Coral bleaching happens when corals lose their vibrant colors and turn white. Corals are bright and colorful because of microscopic algae called zooxanthellae. The zooxanthellae live within the coral in a mutually beneficial relationship, each helping the other survive. But when the ocean environment changes—if it gets too hot, for instance—the coral stresses out and expels the algae.
As the algae leaves, the coral fades until it looks like it’s been bleached. If the temperature stays high, the coral won’t let the algae back, and the coral will die.
The leading causes of coral bleaching are:
- A warming planet means a warming ocean, and a change in water temperature—as little as 2 degrees Fahrenheit—can cause coral to drive out algae.
- Corals exposed during daylight hours are subjected to the most ultraviolet radiation, which can overheat and dry out the coral’s tissues.
- Corals may become so physiologically stressed that they begin to expel their symbiotic zooxanthellae, which leads to bleaching, and in many cases, death.
- Reefs also are threatened by tidal emersions. Long periods of exceptionally low tides leave shallowwater coral heads exposed, damaging reefs. The amount of damage depends on the time of day and the weather conditions.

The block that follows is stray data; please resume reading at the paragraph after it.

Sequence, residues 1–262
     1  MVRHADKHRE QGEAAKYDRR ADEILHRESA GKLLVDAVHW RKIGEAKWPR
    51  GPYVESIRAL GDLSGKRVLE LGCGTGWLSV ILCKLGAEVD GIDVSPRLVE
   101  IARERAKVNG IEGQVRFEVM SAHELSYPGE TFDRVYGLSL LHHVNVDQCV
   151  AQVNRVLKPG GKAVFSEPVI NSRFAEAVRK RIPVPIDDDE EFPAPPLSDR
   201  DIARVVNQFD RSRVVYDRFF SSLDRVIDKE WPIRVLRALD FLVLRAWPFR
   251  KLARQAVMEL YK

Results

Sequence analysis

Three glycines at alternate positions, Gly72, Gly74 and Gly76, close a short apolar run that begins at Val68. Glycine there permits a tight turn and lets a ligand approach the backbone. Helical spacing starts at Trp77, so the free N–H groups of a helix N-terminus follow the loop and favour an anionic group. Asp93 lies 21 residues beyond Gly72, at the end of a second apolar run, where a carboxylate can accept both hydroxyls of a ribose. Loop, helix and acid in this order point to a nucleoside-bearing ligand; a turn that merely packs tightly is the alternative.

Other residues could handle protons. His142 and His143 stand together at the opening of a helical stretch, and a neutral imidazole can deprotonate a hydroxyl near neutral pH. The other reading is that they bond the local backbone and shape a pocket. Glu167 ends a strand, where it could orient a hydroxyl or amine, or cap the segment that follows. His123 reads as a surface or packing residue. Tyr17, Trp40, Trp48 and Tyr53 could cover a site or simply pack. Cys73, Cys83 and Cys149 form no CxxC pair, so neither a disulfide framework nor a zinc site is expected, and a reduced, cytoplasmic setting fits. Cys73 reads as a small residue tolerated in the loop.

- Increased sea surface temperatures, decreased sea level and increased salinity from altered rainfall can all result from weather patterns such as El Niño. Together these conditions can have devastating effects on a coral’s physiology
- Improperly treated sewage, fertilizers and top soil are elevating nitrogen levels, which are causing phosphorus starvation in the corals, reducing their temperature threshold for “bleaching.” These coral reefs were dying off long before they were impacted by rising water temperatures.
- In addition to weather, corals are vulnerable to predation. Fish, marine worms, barnacles, crabs, snails and sea stars all prey on the soft inner tissues of coral polyps. In extreme cases, entire reefs can be devastated by this kind of predation.